When combining the results of the two RNAi screens, a set of 6 genes comprising ATR, LYK5, MPP2, PIK3CG, PIK4CA, and WNK4 were identified as contributing to both cell proliferation and resistance to cisplatin treatment in the DAOY medulloblastoma cell line. It is interesting to note here that several protein and lipid kinases were previously identified in comparable sensitised RNAi screens in different human cancer cell lines, including Akt, ATM, ATR, BUB1, phosphatidylinostiol 4-kinase, and phosphatidylinositol 3-kinase (13, 14). The identities of the PI-kinase isoforms were however different between our study and previous reports (13, 14). A MAGUK family member, namely MPP7 was also identified in an RNAi screen in lung-cancer cells investigating paclitaxel resistance (15).
We focused our attention on two genes involved in medulloblastoma proliferation and chemoresistance, namely LYK5 and PIK3CG. This was based on an analysis of the expression of the targets identified in the RNAi screens, which revealed an upregulation of the expression of these two kinases in subsets of primary medulloblastoma tumor samples and cell lines.
LYK5 is involved in the regulation, assembly, and localization of LKB1 and the LKB1-dependent AMPK pathway (35). In medulloblastoma cells, silencing of LYK5 induced a pronounced downregulation of LKB1 expression, indicating that LYK5 may be required for LKB1 stability. The AMPK pathway has been studied as a potential target for the development of anticancer drugs in various human malignancies (36). Activation of AMPK suppresses the mTOR pathway directly or indirectly via TSC2. The mTOR pathway has been recognized as an important regulator of the sensitivity of human cancer cells to chemotherapeutic agents (13, 37). Indeed, in a previous study, rapamycin exhibited additive cytotoxicity with cisplatin in DAOY cells (10). Although LKB1 is generally thought to function as a tumor suppressor, recent work has also documented its role in the phosphorylation of proapototic proteins by Akt (38). Together with our data, this may indicate that LYK5/LKB1 may function as a positive regulator of the mTOR/4E-BP1 pathway in medulloblastoma.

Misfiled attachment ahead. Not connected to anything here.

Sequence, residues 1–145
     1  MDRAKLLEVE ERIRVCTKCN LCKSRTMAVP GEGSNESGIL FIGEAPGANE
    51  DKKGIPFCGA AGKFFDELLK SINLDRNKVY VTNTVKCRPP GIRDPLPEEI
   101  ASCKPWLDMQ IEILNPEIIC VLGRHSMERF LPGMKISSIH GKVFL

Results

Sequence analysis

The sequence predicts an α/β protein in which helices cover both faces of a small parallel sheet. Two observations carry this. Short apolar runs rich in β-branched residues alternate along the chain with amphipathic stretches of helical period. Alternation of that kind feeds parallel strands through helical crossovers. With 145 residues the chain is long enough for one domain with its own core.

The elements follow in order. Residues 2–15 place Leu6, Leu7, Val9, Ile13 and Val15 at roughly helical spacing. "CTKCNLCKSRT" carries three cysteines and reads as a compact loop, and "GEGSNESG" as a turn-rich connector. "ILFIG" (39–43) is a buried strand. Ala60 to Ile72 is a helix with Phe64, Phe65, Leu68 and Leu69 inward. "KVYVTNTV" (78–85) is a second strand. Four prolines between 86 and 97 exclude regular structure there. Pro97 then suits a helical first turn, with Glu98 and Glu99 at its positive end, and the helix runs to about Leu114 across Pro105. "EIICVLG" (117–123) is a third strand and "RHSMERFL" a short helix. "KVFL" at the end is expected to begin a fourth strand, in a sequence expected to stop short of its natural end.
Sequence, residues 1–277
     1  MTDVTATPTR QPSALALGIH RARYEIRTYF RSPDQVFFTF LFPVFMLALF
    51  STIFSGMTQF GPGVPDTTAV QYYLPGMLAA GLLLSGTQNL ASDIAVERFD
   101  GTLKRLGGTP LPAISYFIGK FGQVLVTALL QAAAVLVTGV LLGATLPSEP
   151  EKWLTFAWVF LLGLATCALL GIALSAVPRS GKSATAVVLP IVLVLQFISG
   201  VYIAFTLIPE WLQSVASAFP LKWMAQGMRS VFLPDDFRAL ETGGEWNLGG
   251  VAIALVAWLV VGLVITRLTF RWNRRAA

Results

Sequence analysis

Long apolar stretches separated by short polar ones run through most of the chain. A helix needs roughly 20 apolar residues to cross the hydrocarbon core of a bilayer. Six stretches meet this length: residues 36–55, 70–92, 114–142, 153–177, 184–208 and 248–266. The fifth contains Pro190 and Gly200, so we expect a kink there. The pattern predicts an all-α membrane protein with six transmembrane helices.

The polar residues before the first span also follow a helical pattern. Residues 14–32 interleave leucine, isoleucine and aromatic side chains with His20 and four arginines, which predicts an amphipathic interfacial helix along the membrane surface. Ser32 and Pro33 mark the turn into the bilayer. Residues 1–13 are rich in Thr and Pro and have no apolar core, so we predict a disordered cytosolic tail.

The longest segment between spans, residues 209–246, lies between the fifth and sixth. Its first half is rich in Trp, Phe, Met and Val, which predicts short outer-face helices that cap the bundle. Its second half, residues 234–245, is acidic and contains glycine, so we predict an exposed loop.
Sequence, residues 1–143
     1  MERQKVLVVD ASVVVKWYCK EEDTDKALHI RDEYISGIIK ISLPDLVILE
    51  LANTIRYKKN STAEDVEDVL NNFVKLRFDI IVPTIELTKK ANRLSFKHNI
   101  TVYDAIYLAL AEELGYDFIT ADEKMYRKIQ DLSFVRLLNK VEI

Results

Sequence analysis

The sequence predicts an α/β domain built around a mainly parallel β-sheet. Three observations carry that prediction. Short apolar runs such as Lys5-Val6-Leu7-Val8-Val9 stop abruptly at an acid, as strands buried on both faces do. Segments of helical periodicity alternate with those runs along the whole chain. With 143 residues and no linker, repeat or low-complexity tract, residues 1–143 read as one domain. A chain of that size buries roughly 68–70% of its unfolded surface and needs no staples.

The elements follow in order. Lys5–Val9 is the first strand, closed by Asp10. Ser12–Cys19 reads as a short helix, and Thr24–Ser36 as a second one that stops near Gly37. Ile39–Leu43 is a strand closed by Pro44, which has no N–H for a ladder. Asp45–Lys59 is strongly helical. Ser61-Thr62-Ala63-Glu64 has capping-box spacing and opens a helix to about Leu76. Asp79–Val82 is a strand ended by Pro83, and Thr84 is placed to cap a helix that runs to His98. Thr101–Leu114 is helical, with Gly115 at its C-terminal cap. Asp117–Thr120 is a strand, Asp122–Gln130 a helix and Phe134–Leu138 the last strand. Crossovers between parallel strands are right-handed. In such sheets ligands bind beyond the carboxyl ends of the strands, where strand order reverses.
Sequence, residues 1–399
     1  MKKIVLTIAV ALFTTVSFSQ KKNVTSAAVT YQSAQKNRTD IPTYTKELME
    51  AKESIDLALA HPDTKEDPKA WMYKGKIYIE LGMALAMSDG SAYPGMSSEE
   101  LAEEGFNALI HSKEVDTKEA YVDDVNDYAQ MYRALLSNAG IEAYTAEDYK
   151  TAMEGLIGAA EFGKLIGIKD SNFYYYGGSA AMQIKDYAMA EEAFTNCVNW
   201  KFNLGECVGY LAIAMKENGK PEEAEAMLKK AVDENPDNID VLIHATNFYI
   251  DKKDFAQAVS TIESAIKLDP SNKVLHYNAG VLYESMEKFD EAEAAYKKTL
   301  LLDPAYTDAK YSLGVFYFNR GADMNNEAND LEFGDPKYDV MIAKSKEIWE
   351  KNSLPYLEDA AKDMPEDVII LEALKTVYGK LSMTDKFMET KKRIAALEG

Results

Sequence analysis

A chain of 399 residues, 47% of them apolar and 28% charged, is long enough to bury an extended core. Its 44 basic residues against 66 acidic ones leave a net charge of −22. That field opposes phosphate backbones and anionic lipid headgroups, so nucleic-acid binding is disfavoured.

The present study represents the first report on a role for p110γ as a drug target in brain tumors. Genetic targeting of PIK3CG in mice has underlined a central role of this PI3K isoform in inflammation and allergy, as it modulates chemotaxis of leukocytes and degranulation in mast cells (39). In colorectal cancers, PIK3CG was initially proposed to function as a tumor-suppressor gene (40), a finding disputed by a subsequent study (41). An oncogenic potential was then described for p110γ, similarly to other class IA PI3K isoforms (42, 43). A recent study described a critical role for p110γ in pancreatic cancer, and hypothesized that PI3K/p110gamma overexpression is a key event in the disease progression (44).
The availability of isoform-specific p110γ inhibitors allowed the design of validation experiments to assess the feasibility of targeting this PI3K isoform in medulloblastoma cell lines. Indeed, our results showed for the first time that a pharmacological p110γ inhibitor impaired the proliferation of medulloblastoma cells and the activation of the mTOR/S6K pathway. The Akt/mTOR/S6K pathway was previously shown to be constitutively activated in primary medulloblastoma and cell lines (11). Our data suggest that p110γ and LYK5 contribute to this activation, in view of: (i) the overexpression of p110γ and LYK5 in medulloblastoma; and (ii) the negative impact of targeting these kinases on the basal activation of the pathway in medulloblastoma cell lines.